Policy learning

15 | Resource Efficiency

The use of public resources has strengths and weaknesses. For instance, the government has made large investments in infrastructure, for example, while funding is needed for pensions and other social expenses. The reserves of the social security system have already been spent and the country’s external debt has increased; the exact figures are not easy to determine given the government’s opacity. In fact, Ecuador is indebted to Chinese banks with the amount of $13.7 billion and oil production is already sold until 2019.

Budget developments in recent years is clearly negative – currently the country runs up its biggest-ever budget deficit. As for administrative efficiency, Ecuador launched a big process of decentralization of competences from the national to sub-national governmental level, with the aim of assuring the population equal access to services and public goods and promoting a balanced territorial planning. Decentralization, however, seems to be hardly compatible with the strong tendency toward personalization and centralization of power in the hands of the president. The Comptroller General is responsible for public accounting, but not involved in deciding the quality of spending or investment.

In contrast to previous governments, the current administration has a system of planning and coordination and a development plan: The National Plan for Good Living 2013-2017. However, a core problem with the use of human, financial and organizational resources is the concentration of functions in the president. There have been various occasions on which he publicly rejected reports drawn up by experts in his ministries because he did not agree with the conclusions or recommendations therein. Time has shown that many of these conclusions and recommendations were, in fact, correct and appropriate.

At the same time, a great effort has been made to develop infrastructure, which for the moment is being underutilized, but constitutes an improvement in the way the government functions administratively.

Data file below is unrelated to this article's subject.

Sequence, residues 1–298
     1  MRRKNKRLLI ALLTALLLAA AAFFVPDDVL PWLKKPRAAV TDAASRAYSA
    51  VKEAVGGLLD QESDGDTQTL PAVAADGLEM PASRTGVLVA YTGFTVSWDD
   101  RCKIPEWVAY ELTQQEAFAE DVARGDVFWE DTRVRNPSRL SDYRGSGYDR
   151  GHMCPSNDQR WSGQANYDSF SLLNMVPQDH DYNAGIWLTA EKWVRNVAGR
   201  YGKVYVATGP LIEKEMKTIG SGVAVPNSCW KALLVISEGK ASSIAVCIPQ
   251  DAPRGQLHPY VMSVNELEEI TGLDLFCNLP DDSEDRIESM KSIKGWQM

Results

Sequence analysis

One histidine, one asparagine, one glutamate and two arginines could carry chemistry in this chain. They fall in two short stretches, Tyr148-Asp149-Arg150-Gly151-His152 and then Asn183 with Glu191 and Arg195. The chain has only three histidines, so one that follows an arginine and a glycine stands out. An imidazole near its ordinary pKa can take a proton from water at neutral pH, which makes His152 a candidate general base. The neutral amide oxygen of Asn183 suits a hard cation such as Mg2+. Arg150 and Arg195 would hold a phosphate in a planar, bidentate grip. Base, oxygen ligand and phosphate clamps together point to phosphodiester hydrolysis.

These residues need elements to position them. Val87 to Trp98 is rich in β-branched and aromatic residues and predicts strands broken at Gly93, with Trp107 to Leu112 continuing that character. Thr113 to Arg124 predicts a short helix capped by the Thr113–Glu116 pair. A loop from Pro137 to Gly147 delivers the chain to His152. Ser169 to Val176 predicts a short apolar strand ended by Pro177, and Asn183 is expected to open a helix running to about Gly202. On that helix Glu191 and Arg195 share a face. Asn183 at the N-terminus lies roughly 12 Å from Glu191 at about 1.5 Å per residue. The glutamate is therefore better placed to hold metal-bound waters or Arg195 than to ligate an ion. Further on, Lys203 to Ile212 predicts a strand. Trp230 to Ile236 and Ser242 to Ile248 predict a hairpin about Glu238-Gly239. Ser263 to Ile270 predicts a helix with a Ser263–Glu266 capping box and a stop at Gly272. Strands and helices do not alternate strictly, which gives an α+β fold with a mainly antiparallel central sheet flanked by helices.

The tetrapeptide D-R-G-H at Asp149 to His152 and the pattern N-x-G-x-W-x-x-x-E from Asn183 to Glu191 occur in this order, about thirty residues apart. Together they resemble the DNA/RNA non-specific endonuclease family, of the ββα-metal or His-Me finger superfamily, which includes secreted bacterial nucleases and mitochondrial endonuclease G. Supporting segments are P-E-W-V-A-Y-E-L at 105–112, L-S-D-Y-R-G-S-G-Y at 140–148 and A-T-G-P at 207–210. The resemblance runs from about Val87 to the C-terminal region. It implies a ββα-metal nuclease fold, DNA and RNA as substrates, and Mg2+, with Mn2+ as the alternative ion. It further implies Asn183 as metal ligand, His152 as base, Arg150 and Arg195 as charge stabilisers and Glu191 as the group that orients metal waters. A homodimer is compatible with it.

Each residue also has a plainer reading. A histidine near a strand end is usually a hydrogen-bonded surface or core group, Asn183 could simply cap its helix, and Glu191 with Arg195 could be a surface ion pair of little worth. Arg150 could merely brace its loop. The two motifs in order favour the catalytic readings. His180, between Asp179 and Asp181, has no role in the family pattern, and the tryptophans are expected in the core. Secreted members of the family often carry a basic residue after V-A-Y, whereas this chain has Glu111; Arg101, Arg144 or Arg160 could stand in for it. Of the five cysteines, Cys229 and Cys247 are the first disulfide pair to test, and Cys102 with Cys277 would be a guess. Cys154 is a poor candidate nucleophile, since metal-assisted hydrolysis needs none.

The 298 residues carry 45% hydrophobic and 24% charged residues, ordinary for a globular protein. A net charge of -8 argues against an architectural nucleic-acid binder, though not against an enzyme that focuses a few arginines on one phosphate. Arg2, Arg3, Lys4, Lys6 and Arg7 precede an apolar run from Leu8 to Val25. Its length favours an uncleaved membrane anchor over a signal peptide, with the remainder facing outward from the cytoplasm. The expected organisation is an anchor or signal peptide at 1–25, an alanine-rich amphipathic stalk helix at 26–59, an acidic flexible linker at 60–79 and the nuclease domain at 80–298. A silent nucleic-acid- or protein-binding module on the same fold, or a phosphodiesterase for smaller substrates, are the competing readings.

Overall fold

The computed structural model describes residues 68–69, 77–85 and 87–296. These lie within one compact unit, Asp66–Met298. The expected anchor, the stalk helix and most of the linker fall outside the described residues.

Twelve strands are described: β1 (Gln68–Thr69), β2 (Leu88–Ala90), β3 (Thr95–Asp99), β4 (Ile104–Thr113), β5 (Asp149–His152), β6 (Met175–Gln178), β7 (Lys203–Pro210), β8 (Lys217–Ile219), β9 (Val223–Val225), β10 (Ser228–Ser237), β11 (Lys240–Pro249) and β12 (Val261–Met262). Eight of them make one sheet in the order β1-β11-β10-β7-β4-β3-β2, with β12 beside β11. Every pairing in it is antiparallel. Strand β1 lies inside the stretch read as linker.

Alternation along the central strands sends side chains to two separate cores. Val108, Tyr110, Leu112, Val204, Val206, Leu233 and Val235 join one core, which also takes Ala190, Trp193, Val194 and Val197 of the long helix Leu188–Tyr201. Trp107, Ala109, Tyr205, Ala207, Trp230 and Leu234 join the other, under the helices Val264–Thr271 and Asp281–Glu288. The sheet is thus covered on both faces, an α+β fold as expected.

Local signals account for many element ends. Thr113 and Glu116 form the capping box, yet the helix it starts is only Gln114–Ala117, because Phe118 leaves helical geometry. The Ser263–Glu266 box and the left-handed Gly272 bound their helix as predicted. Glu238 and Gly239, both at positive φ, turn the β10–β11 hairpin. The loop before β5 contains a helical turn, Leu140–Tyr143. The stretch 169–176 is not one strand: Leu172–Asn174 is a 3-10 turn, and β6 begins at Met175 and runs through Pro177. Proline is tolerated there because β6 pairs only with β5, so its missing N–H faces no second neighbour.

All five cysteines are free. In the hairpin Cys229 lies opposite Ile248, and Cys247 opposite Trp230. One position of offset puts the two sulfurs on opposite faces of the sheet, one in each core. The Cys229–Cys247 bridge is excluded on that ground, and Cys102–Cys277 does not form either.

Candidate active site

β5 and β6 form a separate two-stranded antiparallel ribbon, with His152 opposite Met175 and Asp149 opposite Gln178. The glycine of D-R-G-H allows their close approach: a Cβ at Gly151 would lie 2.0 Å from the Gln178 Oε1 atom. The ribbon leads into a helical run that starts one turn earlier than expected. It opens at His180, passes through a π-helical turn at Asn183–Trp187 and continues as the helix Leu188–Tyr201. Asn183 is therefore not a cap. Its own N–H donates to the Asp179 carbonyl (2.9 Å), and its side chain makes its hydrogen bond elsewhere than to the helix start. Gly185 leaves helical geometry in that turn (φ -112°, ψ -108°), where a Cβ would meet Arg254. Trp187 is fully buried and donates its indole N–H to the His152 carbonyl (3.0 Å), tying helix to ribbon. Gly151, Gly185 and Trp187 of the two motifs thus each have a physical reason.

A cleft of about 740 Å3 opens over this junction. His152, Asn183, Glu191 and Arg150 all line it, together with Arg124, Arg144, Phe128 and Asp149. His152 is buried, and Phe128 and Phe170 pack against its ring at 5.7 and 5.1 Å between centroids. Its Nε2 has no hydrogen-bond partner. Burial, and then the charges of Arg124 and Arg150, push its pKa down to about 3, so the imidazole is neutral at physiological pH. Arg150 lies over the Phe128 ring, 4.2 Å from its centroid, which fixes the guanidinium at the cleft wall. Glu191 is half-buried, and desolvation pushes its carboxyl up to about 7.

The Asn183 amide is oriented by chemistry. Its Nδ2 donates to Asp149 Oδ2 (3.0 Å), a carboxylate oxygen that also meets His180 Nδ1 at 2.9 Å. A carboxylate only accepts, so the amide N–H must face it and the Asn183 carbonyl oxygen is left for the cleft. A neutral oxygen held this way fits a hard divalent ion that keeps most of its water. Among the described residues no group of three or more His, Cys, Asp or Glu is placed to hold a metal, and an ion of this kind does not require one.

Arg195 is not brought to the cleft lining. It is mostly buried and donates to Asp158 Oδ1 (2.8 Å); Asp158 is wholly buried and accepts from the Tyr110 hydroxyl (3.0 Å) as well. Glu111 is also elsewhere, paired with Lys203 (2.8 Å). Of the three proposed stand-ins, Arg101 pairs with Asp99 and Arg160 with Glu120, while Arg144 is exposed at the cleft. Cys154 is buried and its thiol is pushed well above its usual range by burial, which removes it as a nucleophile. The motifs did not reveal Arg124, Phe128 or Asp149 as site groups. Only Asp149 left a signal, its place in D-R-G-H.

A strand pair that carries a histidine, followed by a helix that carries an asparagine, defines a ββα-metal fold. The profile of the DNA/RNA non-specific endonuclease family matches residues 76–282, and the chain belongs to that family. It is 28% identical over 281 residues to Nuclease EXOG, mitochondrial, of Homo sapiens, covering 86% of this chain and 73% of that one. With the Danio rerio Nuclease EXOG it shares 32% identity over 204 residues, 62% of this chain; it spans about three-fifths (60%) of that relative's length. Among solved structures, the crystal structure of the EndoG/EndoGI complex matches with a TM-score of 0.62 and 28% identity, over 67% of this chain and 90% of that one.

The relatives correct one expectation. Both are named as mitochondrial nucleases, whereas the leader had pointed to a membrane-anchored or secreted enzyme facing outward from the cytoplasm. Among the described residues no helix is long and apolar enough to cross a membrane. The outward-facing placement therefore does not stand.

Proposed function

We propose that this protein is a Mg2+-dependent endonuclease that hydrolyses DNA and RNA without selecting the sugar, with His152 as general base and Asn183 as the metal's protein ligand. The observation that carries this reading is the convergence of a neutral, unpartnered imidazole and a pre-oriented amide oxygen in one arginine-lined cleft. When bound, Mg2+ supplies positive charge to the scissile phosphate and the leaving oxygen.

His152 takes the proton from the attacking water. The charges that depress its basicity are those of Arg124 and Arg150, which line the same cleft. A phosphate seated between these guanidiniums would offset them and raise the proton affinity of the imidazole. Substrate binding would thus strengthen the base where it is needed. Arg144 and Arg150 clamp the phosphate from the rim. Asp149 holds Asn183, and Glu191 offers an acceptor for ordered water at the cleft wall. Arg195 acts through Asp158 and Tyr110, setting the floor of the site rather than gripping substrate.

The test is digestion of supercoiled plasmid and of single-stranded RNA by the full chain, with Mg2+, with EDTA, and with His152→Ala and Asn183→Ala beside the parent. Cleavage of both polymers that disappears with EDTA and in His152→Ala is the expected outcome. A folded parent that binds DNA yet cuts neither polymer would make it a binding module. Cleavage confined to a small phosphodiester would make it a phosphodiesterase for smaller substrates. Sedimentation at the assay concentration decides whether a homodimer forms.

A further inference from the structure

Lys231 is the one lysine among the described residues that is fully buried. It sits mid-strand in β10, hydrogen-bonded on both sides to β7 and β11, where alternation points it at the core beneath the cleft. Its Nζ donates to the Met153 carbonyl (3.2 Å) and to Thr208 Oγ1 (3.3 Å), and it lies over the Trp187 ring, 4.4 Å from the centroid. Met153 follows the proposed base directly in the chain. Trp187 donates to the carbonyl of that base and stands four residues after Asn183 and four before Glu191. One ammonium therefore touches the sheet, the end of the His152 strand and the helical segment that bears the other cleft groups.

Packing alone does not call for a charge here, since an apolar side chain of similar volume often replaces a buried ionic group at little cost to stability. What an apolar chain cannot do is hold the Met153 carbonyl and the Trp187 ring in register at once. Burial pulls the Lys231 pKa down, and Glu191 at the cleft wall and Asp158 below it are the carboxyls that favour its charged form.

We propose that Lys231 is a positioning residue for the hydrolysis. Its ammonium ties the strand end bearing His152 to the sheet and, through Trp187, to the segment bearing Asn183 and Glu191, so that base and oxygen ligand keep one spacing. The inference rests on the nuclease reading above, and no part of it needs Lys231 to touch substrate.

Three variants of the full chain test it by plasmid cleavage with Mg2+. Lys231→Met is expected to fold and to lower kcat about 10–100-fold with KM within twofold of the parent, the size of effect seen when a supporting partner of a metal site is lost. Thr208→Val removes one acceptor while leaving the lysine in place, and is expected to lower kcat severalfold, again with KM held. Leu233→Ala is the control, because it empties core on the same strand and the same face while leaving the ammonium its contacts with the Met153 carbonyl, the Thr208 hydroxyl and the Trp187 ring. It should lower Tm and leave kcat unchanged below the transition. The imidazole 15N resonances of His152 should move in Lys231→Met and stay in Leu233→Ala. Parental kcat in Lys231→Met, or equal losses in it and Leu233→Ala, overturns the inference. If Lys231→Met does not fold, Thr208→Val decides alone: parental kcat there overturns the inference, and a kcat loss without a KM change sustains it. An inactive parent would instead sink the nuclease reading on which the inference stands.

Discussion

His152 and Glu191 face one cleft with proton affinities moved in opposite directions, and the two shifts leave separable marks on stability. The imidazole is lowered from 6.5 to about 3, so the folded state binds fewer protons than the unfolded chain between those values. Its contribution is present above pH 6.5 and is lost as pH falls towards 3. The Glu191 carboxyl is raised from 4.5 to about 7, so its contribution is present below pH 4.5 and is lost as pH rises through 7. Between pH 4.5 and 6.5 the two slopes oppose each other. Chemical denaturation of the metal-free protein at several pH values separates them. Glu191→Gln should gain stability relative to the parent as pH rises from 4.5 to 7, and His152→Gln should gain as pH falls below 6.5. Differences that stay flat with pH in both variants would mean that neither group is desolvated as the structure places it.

Salaries in the public sector are higher than those in the private sector. One of Correa’s policies was to increase public-sector salaries as it is believed that in order to obtain an efficient government, its personnel should be well-paid. For this purpose, the National Institute of Meritocracy was created in order to surveil the processes of personnel hiring. On 2015, the government had 717,125 workers, an increase of 56% since 2007. On 2015, the average salary on the public sector was $1,111 per month and in the private sector $547 per month.

Efficient use of assets

The reduction on the fiscal budget has not affected the coordination mechanisms inside the government as these are systems that President Correa has centralized and personally controls. The functioning political mechanisms in the government have not changed throughout the years. The external financing mechanisms are also controlled by Correa. In fact, some of the financing deals including oil pre-selling agreements are considered confidential state information.

In order to facilitate coordination within the executive branch, the government has launched a series of systems, such as regular meetings between the members of the executive. Likewise, the government has adopted a mechanism for coordination between different ministries and secretariats with the appointment of coordinating ministers. But Correa’s role in the decision-making process can and does supersede the state’s coordination mechanisms, undermining their legitimacy.

The budget deficit is a clear indictor for the growing financing needs of the government. To meet these needs the expansion of oil extraction plays an important role, putting into question the commitment to environmental concerns. The contradictory policy pursued in the petroleum and mining cases shows that economic and environmental goals are not sufficiently balanced.

Policy coordination

Although the constitution establishes several control mechanisms, all of them are managed by the government. The legislative power doesn’t prosecute; the CPCCS doesn’t investigate corruption scandals; and the Contraloría, the Prosecutor’s Office and the judiciary are dependent of the executive. The opposition and members of the public have questioned the work of these bodies, alleging they have carried out weak investigations and have failed to take an in-depth look at the facts in many cases. Groups from the civil society that denounce corruption scandals are often harassed. Several operations to dismantle corrupt activities have been performed, but these have been directed toward sectors of the administration with no capacity of blurring the government’s honest image.